WBEZ political reporter Tony Arnold previews lawmakers' trek back to Springfield when they'll revisit pension reform and conceal and carry. And, ChicagoTribune reporter Monica Eng discusses how to educate people on eating well. Plus, when have you acted as a Good Samaritan?
A recent Chicago Tribune article highlighted two parents who were able to forgive the young man who killed their daughter. Could you do the same? Also, Curious City addresses how much fracking really contributes to our energy needs.
Hot Doug's owner Doug Sohn chats up Tony about his new book, Hot Doug's: The Book, and how he refined America's favorite tubular meat. Chicago magazine's Dennis Rodkin explains how immigrants can boost area home values, according to research done at Duke University.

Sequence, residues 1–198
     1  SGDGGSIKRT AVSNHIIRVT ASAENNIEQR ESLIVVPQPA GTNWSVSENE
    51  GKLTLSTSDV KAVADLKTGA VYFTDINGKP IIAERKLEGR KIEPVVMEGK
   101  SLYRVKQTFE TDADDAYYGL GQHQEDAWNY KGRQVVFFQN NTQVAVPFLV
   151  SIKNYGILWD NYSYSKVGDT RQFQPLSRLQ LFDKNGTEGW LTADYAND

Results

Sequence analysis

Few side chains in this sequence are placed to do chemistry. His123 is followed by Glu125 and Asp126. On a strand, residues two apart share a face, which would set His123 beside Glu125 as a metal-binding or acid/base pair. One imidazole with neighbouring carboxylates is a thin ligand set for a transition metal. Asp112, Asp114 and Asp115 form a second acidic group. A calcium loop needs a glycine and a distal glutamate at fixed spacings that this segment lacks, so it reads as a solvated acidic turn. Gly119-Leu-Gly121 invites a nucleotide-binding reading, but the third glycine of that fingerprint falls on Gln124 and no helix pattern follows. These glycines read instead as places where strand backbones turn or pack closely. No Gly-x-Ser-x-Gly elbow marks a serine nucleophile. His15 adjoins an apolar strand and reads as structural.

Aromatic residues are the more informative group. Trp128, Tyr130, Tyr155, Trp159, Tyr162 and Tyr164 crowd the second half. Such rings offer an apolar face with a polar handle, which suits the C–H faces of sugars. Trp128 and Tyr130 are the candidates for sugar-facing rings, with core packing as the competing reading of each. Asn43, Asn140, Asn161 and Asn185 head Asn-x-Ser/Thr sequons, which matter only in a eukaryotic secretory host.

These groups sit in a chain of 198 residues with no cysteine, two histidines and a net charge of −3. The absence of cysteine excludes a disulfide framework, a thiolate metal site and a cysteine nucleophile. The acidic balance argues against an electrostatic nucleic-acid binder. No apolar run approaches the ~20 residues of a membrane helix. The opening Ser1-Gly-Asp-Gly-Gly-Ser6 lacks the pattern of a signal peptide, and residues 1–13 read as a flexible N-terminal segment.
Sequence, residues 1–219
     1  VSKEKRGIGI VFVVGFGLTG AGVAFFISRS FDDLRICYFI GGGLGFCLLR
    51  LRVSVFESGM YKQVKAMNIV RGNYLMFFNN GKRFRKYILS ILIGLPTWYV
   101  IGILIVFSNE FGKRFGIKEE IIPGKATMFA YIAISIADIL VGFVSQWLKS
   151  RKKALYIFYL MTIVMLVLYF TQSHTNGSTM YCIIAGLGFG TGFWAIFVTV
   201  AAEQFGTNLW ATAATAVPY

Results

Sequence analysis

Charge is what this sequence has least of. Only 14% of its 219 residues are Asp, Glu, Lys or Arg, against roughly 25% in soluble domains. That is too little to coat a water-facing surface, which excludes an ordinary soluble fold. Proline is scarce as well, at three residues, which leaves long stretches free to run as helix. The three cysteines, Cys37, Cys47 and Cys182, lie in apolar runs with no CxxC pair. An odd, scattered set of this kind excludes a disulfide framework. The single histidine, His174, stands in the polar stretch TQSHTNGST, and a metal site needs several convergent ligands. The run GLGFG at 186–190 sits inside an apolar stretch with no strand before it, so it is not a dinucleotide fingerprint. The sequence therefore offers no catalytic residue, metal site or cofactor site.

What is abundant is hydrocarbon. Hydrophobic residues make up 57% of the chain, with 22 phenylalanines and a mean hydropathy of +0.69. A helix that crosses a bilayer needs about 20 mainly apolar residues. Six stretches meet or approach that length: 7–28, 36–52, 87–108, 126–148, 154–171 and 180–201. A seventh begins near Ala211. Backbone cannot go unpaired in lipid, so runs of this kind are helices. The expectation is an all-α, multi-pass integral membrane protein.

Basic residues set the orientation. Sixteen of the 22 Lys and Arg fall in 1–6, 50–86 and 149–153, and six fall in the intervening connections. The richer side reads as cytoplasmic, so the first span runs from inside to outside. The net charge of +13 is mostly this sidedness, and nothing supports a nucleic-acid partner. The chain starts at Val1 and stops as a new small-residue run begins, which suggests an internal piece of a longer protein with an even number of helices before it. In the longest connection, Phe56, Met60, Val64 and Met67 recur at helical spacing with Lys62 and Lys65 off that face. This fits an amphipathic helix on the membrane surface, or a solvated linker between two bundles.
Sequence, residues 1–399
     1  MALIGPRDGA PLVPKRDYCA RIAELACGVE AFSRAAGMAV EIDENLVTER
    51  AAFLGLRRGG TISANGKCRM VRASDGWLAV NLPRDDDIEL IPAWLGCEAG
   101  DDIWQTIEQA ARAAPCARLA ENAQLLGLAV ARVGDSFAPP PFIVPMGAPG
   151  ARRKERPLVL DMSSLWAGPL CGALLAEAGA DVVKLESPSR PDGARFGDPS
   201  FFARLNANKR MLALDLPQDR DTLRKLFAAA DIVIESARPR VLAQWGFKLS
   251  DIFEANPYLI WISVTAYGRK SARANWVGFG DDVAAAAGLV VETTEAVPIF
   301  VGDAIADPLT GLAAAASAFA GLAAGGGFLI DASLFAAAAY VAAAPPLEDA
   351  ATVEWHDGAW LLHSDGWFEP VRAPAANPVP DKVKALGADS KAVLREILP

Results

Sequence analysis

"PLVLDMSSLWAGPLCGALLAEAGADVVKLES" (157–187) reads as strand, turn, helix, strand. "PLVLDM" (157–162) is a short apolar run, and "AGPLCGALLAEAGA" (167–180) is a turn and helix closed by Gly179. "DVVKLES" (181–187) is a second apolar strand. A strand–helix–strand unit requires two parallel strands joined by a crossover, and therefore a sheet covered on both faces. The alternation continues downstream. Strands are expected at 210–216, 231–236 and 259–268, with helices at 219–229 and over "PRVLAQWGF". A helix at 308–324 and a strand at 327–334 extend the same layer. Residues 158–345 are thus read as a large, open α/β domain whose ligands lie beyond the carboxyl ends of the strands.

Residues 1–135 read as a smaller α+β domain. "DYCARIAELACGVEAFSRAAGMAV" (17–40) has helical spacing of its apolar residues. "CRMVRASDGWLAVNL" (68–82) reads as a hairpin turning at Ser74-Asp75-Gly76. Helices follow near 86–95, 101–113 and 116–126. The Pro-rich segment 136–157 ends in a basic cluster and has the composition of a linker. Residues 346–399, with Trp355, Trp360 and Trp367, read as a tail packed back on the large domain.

As Chicago launches its bike-share program, we hear from you about if this new service will be utilized or largely ignored. Also, Monica Eng gives us the facts and fallacies about diet trends. And Chicago's Black Ensemble Theater pays tribute to Howlin' Wolf.
Theaster Gates is Chicago. In a city full of artists of a variety of different artistic practices, Gates rises above the rest to create multidisciplinary works that speak to the spirit, anxieties, and troubles of Chicago itself.
This month's installment is an especially specially special show because we are partnering with the Emory Department of Chemistry and the National Science Foundation to discover The Origin of Life! With a diverse, brilliant line-up of music, writing, and miscellany on topics such as creation myths, arsenic based life, artificial chemical life and interstellar clouds, the show is out of this world.
With the birth of the iPod and the use of other mobile devices such as cell phones, people can now literally take the intimacy of music with them. In a world that can feel both connected and impersonal, transportable music is a way to connect to something that feels real to one’s life.